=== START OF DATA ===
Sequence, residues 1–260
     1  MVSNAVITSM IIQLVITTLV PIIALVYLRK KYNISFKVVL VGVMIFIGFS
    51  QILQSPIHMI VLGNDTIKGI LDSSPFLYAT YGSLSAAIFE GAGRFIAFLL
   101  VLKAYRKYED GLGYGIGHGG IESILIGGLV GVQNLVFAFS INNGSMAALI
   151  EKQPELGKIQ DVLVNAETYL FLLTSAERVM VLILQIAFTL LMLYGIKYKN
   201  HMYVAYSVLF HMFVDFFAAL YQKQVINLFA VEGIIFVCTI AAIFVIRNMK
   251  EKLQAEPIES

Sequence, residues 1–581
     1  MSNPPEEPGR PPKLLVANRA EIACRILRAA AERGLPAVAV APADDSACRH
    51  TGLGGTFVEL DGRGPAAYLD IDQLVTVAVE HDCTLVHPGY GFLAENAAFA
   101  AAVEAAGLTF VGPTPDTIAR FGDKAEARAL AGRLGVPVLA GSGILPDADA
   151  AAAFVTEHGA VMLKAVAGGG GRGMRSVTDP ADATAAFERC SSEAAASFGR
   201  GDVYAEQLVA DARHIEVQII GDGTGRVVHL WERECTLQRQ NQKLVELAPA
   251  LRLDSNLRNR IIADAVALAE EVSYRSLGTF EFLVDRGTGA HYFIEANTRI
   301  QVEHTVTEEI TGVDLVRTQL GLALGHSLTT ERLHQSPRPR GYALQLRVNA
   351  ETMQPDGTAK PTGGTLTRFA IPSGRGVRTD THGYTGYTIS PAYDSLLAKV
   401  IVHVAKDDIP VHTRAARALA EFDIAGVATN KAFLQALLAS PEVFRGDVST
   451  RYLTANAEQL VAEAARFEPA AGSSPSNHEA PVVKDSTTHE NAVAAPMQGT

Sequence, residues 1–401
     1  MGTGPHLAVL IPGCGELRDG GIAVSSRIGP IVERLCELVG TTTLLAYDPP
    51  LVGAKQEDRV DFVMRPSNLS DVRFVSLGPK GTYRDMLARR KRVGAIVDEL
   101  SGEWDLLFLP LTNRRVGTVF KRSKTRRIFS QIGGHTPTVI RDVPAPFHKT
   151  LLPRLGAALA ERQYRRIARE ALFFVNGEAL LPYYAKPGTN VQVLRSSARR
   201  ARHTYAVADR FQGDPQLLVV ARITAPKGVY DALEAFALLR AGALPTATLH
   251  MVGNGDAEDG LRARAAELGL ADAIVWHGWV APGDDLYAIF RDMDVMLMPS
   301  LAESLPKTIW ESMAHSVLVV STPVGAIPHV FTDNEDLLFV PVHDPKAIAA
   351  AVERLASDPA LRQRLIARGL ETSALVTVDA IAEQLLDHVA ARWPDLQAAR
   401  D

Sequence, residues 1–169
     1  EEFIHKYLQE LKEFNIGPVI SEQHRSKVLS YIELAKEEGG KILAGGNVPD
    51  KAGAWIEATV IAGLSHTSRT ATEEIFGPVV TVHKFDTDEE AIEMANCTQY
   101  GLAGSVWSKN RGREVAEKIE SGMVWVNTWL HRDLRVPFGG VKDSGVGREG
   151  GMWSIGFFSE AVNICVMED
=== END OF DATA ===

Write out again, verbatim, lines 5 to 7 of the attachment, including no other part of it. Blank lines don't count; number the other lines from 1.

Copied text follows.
   151  EKQPELGKIQ DVLVNAETYL FLLTSAERVM VLILQIAFTL LMLYGIKYKN
   201  HMYVAYSVLF HMFVDFFAAL YQKQVINLFA VEGIIFVCTI AAIFVIRNMK
   251  EKLQAEPIES